Church & State: Wedded To Convention

As I write this, Ireland is about to vote on whether to allow same-sex marriage.  Much of the debate on the matter has seemed confused to me.  I regret that it has been necessary for this vote to take place at all.

Civil marriage was introduced to England and Wales by the 1836 Marriage Act.  Between 1753 and 1836, to be officially recognised in that jurisdiction a marriage had to have been the product of a religious ceremony of a permitted type.  Although much has changed since 1836, throughout the UK we still retain the practice whereby the legal requirements for the enactment of a valid marriage can be satisfied completely by means of a church or other religious service.

Contrast this with the position in much of Continental Europe, where the civil marriage and the religious one are two completely unconnected affairs.  You can arrange them at different times and places altogether.  You can have one without having the other, as you choose.  (There’s more on this in the comments below.)

We now have same-sex marriages in most parts of the UK.[1] One difference between this new form of union and the traditional one is that religious organisations have the right to decline to offer marriage to a same-sex couple. I’m in favour of having that exemption, not because I stand with the gay-haters, but because it does move us a step closer towards a separation of Church and State. (See my earlier post on this subject.)

The position on divorce is different and leads to various anomalies.  A marriage valid in law may be created by a church service, but it cannot be ended by one, divorce being a purely civil matter.  On the other hand, the severing of the civil contract may not be enough to end the marriage in the eyes of the religious body concerned.

The divorced Catholic who is regarded as still married by the Church is well known.   What may not be widely appreciated is that it is possible to obtain an annulment of a Catholic marriage without also going through a legal divorce.  How to remarry while still married …

I would like to see an end to all of that nonsense.  A far better model is the European one.  Separate the religious and the civil completely.   A faith would then be free to impose its own rules regarding such matters as eligibility for marriage (or remarriage) and on the ending of a union.  Equally, no religious body would have any say over anyone’s right to enact a civil marriage or to end one.

I despair when I hear the objection that allowing same-sex marriage will make a mockery of an institution given to us by God.  Since the Council of Trent in 1566, the only form of marriage recognised by the Catholic Church has been one conducted according to its rite, before a priest and two witnesses.  That means that all civil marriages are invalid by that measure, irrespective of the make-up of the couple concerned.  Yet, I don’t hear of any Archbishop urging his flock to demand a vote on banning all non-religious weddings.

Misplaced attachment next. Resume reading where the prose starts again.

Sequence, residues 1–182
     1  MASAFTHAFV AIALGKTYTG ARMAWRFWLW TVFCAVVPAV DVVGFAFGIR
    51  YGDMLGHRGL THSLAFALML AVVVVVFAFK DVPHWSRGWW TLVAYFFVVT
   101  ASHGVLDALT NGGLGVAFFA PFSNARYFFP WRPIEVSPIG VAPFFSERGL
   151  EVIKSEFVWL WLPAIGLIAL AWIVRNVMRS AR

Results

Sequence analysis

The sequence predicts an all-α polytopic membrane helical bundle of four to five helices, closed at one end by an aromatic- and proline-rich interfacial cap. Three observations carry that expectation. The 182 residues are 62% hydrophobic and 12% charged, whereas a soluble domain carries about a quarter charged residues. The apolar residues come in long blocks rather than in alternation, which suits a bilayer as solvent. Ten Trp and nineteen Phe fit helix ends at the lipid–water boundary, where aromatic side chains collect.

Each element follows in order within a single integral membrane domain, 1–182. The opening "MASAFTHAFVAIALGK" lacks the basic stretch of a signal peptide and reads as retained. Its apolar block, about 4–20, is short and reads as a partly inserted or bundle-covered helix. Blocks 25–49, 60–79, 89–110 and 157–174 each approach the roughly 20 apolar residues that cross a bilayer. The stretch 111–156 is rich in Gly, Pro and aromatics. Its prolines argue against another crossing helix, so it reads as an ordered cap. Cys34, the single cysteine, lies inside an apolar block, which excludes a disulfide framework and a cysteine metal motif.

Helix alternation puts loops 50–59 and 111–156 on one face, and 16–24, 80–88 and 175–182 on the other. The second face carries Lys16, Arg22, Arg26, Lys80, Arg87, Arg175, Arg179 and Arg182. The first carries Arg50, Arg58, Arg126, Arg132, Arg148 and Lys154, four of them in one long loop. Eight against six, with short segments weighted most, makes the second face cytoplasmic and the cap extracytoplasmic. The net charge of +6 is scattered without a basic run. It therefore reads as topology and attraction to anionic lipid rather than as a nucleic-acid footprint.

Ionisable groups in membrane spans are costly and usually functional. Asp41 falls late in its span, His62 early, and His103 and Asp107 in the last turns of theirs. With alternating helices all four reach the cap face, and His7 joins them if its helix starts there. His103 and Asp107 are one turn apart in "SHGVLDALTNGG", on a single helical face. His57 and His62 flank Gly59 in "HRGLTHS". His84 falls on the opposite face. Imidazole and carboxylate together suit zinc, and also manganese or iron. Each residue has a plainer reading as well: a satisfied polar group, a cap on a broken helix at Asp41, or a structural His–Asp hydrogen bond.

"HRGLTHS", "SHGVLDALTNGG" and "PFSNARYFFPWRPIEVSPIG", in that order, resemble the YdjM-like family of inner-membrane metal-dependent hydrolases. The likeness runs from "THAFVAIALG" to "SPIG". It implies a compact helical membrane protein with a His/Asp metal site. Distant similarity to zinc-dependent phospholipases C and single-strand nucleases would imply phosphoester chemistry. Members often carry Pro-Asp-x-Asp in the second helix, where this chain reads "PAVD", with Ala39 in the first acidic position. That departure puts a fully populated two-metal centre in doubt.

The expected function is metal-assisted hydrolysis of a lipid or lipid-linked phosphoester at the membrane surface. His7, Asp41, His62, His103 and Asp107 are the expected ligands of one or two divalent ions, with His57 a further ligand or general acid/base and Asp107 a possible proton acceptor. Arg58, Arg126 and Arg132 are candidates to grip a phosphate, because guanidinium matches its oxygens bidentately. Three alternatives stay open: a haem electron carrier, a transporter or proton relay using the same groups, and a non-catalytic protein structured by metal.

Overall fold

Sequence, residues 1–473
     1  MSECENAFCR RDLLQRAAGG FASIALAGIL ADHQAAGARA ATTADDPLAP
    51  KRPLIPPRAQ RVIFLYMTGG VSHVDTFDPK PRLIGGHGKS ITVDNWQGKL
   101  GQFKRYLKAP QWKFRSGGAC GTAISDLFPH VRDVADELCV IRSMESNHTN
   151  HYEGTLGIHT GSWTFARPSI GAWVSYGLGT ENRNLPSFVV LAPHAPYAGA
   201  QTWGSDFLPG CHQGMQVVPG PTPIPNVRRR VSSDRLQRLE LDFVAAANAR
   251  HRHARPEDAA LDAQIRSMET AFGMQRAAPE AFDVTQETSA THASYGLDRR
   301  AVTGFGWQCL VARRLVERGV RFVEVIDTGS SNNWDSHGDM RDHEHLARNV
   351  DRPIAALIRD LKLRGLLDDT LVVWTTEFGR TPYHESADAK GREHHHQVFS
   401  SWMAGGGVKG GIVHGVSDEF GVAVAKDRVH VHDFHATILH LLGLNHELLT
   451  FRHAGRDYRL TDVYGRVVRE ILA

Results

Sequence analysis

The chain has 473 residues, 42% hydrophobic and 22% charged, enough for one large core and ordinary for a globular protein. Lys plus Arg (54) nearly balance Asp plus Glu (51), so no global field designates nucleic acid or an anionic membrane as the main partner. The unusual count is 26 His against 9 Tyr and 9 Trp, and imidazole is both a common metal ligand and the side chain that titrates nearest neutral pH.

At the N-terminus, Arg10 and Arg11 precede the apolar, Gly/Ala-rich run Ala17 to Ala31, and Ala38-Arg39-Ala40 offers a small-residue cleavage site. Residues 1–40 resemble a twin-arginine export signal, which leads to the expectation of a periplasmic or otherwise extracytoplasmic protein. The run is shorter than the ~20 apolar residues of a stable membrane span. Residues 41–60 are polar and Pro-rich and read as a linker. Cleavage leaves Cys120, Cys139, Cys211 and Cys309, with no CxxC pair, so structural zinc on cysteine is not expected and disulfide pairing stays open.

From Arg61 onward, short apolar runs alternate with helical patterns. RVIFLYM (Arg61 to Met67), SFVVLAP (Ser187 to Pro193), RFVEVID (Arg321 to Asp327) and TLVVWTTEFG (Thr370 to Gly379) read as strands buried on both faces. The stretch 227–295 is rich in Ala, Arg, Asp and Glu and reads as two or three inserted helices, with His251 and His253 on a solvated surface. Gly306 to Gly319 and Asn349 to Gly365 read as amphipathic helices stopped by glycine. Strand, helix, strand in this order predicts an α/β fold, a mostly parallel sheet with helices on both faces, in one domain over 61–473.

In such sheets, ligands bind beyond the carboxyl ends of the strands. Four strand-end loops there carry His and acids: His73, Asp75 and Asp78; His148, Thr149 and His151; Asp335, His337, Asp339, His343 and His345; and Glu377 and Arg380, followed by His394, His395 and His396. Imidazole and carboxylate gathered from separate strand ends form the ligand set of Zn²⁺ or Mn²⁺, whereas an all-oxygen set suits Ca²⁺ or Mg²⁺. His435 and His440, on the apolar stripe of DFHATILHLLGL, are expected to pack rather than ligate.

This seems to me to be the key to judging the debates over the recent past on same-sex marriage.  Viewed in that light, almost all of the huffing and puffing about the issue can be relegated to the status of red herring and/or non sequitur.

This piece started with my regret that the vote in Ireland was happening at all. I did not mean that as an oblique way of saying that I hope that the proposal isn’t carried.

What troubles me is the way the debate has characterised the issue as a wider one than the question actually being posed: you should vote Yes to show approval of gay lifestyles and No to show disapproval.  This leaves no room for those who, whilst accepting that gay people are to be treated as equal citizens under the law, nonetheless cannot go as far as approval.

You cannot reasonably expect someone to ignore their deeply held religious convictions.  If they believe that marriage can validly only be between a man and a woman and that moreover homosexual acts are intrinsically sinful, then that is what they believe.  You can of course try to persuade them otherwise, but no-one’s future should depend on your chances of success.

The trick here is separation of Church and State, making personal belief distinct from the regulation of public institutions.  When someone has views based on religious conviction, those should be respected.[2]  What has to follow likewise is that no individual’s particular religious conviction should be permitted to dictate to others when it comes to standards of personal behaviour.

You can vote Yes for same-sex marriage without also having to endorse it.  In any case, the rights of gay people should not have to depend on anyone else’s approval.





1. The exception is Northern Ireland, ironically enough in this context.

2. No, I don’t mean in the style of the Louisiana Marriage and Conscience Act.

2 thoughts on “Church & State: Wedded To Convention

  1. As far as I know the Catholic Church will not proceed with a case for Annulment unless a civil divorce has already taken place. And on Continental Europe only the civil ceremony is stand alone, the religious ceremony cannot take place without an accompanying civil one.

  2. Jim,

    Thanks for contributing.

    What you say about annulment may well be the practice in some places, but it’s not mandatory. At least in theory, it’s possible to annul without divorce.

    I haven’t checked extensively, but it seems you’re right about European marriage law. (I’ve added a note above to reflect that.) Regardless, the main point stands: there is separation of civil and religious.

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